- Assistant professor
- Thursday 22 Apr 2021, 13:00 - 14:00
- Spoken Language
- Ticket information
Contact Jessica Pernozzoli if you would like to receive the Zoom link to this seminar
In this Research in Progress Seminar, DrJayasundara-Smits tries to situate Sri Lanka’s post-war radicalization in the wider debates on state transformation in international political sociology (IPS) and Mbembé’s work on necropolitics.
Recent research on radicalization and violent extremism largely focus on Jihadi inspired radicalization. Sri Lanka has been added as an interesting case study, following the Easter bombing incident in 2019, carried out by a radicalized local Muslim group who drew inspiration from global Jihadist movement and the Islamic State.
The evolving scholarship on post-war radicalization in the Sri Lankan context is eager to point to the same internal dynamics that led to the civil war ( 1983-2009), including simmering tensions between majority and minority communities (majority Sinhalese and minority Muslims), autocratic and populist politics (alluded to the two post-war Rajapaksa presidencies) and troubled economic development (debt ridden economy).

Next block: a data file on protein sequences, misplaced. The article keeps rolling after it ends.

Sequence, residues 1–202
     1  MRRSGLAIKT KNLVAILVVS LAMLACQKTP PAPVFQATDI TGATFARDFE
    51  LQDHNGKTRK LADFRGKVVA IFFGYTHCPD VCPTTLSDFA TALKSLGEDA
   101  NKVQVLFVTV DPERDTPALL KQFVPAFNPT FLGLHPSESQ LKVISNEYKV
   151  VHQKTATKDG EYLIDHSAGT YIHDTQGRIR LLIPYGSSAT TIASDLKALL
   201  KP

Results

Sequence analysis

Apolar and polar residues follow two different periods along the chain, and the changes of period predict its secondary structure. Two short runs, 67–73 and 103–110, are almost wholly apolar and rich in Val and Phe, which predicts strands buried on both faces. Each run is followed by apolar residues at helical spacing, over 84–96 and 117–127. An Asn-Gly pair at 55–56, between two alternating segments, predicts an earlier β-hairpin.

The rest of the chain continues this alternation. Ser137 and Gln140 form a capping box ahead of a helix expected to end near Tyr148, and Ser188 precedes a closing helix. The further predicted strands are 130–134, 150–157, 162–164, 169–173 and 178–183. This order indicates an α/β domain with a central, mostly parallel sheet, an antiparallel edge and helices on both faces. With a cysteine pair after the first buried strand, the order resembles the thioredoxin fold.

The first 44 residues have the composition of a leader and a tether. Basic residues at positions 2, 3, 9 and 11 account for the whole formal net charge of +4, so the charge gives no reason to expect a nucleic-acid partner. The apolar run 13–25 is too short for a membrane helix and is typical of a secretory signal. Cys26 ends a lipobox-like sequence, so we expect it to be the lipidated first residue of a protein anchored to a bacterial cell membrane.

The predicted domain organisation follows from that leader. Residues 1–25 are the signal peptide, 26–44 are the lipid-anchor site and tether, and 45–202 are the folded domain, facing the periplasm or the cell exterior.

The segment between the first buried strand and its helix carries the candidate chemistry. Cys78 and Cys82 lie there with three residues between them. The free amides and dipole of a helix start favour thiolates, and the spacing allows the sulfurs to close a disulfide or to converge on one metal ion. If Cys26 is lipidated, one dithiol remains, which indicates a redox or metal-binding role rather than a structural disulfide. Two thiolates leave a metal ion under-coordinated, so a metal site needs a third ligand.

Whilst recognizing the importance of these factors for understanding Sri Lanka’s recent trajectories of radicalization, in this seminar Dr Jayasundara-Smits tries to situate Sri Lanka’s post-war radicalization in the wider debates on state transformation in international political sociology (IPS) and Mbembé’s work on necropolitics.
The main contributions that she hopes to make are to broaden the current research agenda on radicalization research by linking the internal political and economic dynamics with the external political, economic and geo-strategic dynamics in the Indian ocean region and to introduce a new set of conceptual and theoretical tools to the study of radicalization, through the case of post-war Sri Lanka.
The presentation will be based on secondary resources and 20 in-depth interviews recently conducted in Sri Lanka, as part of ISS-funded RIF project; ‘Radicalisation and violent extremism in post-war contexts.’